Dry and hot conditions stress crops and pastures across the Southwest

This Crop Report map from Saskatchewan Agriculture shows the portions of the Southwest which had temperatures above 36 Celsius during the period of July 4 and 10.

Crop, hay and pasture land across the Southwest remains under stress, with hot temperatures and a lack of moisture impacting the growing season.

The July 4 to 10 Crop Report issued today by Saskatchewan Agriculture highlights that topsoil moisture conditions in the Southwest continues to rapidly deteriorate as a result of hot and dry weather. Topsoil moisture on cropland is rated as 21 per cent adequate, 55 per cent short and 24 per cent very short. Hay land and pasture topsoil moisture is rated as 10 per cent adequate, 58 per cent short and 32 per cent very short. Crop District 3ASW (Coronach, Assiniboia and Ogema) is reporting that 53 per cent of cropland and 50 per cent of hay land and pasture are very short topsoil moisture at this time. Significant rainfall is needed in the region to help crops develop and to replenish the topsoil; however, any rainfall will likely be too late for some areas.

Little to no rain fell in the Southwest during July 4 to 10, however the Climax area reported receiving 25 millimetres of precipitation.

Many areas of the Southwest have not received much more than five to eight centimetres of rain dating back to the start of the growing season on April 1. Many crops in these areas are severely heat-stressed and are thin, stunted and heading out and/or flowering earlier than normal. Crop yield will be affected, especially on crops that were flowering during the high temperatures.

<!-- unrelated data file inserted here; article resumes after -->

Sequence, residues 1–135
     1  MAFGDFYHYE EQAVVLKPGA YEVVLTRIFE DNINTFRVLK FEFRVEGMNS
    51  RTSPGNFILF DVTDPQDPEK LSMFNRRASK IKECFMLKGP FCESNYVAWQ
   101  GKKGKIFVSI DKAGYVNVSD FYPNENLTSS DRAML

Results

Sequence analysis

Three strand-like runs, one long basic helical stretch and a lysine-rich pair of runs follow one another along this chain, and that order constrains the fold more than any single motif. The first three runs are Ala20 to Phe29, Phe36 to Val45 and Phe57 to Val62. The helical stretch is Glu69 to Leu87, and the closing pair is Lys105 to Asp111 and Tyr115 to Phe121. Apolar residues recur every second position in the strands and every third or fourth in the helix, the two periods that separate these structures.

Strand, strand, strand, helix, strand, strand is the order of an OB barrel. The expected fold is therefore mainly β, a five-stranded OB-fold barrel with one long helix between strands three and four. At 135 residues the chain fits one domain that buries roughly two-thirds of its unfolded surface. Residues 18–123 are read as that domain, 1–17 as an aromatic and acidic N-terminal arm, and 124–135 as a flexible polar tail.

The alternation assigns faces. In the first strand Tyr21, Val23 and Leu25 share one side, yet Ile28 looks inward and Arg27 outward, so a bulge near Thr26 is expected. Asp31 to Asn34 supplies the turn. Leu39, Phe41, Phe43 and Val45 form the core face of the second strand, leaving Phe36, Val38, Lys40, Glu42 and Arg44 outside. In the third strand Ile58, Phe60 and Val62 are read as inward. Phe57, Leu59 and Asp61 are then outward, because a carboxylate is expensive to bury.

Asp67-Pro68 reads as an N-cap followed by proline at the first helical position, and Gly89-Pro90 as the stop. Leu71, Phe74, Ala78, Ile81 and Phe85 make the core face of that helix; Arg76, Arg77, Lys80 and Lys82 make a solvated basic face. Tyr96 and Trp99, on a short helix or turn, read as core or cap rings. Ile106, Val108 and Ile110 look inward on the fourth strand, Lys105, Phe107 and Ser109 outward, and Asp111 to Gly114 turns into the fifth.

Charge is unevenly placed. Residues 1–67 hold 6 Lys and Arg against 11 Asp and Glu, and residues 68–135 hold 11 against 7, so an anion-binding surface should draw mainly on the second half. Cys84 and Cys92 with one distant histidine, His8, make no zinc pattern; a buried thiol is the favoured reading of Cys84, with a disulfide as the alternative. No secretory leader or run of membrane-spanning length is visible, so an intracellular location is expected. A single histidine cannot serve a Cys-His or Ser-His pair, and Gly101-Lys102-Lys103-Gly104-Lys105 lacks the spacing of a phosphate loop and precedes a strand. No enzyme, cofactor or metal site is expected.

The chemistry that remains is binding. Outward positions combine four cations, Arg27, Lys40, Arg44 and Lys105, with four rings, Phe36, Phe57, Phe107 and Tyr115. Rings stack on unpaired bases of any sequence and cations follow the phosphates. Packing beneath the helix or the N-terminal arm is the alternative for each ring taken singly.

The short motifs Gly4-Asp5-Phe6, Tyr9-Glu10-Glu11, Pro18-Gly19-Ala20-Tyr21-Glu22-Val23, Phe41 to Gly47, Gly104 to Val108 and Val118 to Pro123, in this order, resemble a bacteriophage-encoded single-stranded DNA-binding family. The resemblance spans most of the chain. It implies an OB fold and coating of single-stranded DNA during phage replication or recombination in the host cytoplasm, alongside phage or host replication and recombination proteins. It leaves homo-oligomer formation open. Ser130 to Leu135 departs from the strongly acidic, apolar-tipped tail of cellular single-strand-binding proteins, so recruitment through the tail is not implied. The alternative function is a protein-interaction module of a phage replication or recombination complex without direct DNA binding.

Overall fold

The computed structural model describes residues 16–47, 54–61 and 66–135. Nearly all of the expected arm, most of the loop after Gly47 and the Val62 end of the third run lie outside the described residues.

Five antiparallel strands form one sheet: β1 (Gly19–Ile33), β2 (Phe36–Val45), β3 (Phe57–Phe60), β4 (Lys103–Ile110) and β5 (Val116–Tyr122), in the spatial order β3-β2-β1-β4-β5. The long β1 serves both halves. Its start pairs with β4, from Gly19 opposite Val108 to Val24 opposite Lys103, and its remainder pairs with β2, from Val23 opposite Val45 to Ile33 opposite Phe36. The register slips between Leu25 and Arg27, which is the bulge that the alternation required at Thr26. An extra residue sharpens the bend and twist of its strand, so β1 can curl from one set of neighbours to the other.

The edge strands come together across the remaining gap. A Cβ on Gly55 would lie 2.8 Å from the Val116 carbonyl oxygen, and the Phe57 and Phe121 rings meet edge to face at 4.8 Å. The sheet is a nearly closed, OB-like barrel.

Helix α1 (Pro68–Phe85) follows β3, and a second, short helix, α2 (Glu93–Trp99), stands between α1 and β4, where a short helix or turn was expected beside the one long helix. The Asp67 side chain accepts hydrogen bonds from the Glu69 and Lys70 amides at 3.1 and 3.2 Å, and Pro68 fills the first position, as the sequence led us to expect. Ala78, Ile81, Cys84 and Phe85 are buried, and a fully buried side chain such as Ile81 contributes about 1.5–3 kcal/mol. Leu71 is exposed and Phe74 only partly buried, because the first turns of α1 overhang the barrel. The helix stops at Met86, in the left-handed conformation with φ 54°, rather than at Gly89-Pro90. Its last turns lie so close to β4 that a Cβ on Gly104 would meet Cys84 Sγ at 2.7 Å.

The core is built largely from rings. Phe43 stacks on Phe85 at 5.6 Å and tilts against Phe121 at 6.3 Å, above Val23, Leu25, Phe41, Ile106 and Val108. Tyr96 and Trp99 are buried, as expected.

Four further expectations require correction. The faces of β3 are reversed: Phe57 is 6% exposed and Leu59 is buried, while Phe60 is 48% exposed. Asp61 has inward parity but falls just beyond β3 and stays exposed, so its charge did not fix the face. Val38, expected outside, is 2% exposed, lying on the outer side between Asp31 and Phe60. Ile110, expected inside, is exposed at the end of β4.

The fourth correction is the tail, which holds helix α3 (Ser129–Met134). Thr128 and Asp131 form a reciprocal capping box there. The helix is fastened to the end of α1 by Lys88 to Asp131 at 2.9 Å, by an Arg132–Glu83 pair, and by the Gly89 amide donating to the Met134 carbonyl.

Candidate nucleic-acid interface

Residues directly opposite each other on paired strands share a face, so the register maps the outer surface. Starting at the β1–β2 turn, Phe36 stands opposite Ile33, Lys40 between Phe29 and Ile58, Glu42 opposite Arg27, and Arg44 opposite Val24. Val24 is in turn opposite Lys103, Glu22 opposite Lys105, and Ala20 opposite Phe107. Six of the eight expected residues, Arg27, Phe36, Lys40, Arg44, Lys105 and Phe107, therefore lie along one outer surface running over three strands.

Despite the lack of moisture, the majority of crops are at their normal stages of development for this time of year. Overall, crop conditions range from poor to good.
Other causes of crop damage include hail, wind and insects such as cabbage seedpod weevils, painted lady caterpillars and grasshoppers. Some producers are applying fungicides if warranted by disease pressure. Gophers have also caused some issues.

Many producers have reported that hay yields are significantly lower than normal, with some fields yielding as much as 50 per cent lower yields. An estimated 23 per cent of the hay crop has been cut and 57 per cent baled or put into silage. Hay quality is currently rated as eight per cent excellent, 58 per cent good and 34 per cent fair.

Crop District Rainfall Totals
(Since April 1)
RM #43 Old Post – 64 millimetres
RM #73 Stonehenge (A) – 63 millimetres
RM #73 Stonehenge (B) – 89 millimetres
RM #103 Sutton – 47 millimetres
RM #132 Hillsborough (A) – 44.5 millimetres
RM #132 Hillsborough (B) – 125 millimetres
RM #17 Val Marie – 20.97 millimetres
RM #18 Lone Tree – 64 millimetres
RM #76 Auvergne – 64 millimetres
RM #77 Wise Creek – 50 millimetres
RM # 78 Grassy Creek – 78 millimetres
RM #105 Glenbain – 51 millimetres
RM #106 Whiska Creek – 97 millimetres
RM #107 Lac Pelletier – 44 millimetres
RM #108 Bone Creek – 61 millimetres
RM #138 Webb (A) – 99 millimetres
RM #138 Webb (B) – 79 millimetres
RM #165 Morse – 111 millimetres
RM #166 Excelsior – 73 millimetres
RM #168 Riverside (A) – 85 millimetres
RM #168 Riverside (B) – 76.2 millimetres
RM #226 Victory – 51 millimetres
RM #228 Lacadena (A) – 114 millimetres
RM #228 Lacadena (B) – 6.5 millimetres
RM #49 White Valley – 59 millimetres
RM #51 Reno – 54.6 millimetres
RM #79 Arlington – 64 millimetres
RM #109 Carmichael – 83 millimetres
RM #110 Piapot – 71.5 millimetres
RM #111 Maple Creek – 74 millimetres
RM #139 Gull Lake (A) – 58 millimetres
RM #139 Gull Lake (B) – 56.5 millimetres
RM #169 Pittville – 34 millimetres
RM #231 Happyland – 102 millimetres
NOTE: These precipitation amounts represent point locations within each municipality and do not necessarily reflect the whole R.M.